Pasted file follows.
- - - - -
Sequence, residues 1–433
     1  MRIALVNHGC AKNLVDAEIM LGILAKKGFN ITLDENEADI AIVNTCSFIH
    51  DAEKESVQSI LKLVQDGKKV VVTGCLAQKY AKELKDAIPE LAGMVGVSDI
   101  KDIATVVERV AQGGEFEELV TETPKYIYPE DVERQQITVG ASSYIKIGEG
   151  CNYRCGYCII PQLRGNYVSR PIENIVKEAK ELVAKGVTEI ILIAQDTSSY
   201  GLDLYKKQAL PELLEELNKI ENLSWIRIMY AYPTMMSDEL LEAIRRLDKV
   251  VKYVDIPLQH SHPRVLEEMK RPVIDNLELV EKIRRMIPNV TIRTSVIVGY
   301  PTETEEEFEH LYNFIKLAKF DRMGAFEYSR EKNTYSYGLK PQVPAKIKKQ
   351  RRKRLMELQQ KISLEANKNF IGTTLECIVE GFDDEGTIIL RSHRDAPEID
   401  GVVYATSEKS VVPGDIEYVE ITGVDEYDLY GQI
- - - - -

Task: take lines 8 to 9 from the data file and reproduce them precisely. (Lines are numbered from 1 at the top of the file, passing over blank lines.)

   301  PTETEEEFEH LYNFIKLAKF DRMGAFEYSR EKNTYSYGLK PQVPAKIKKQ
   351  RRKRLMELQQ KISLEANKNF IGTTLECIVE GFDDEGTIIL RSHRDAPEID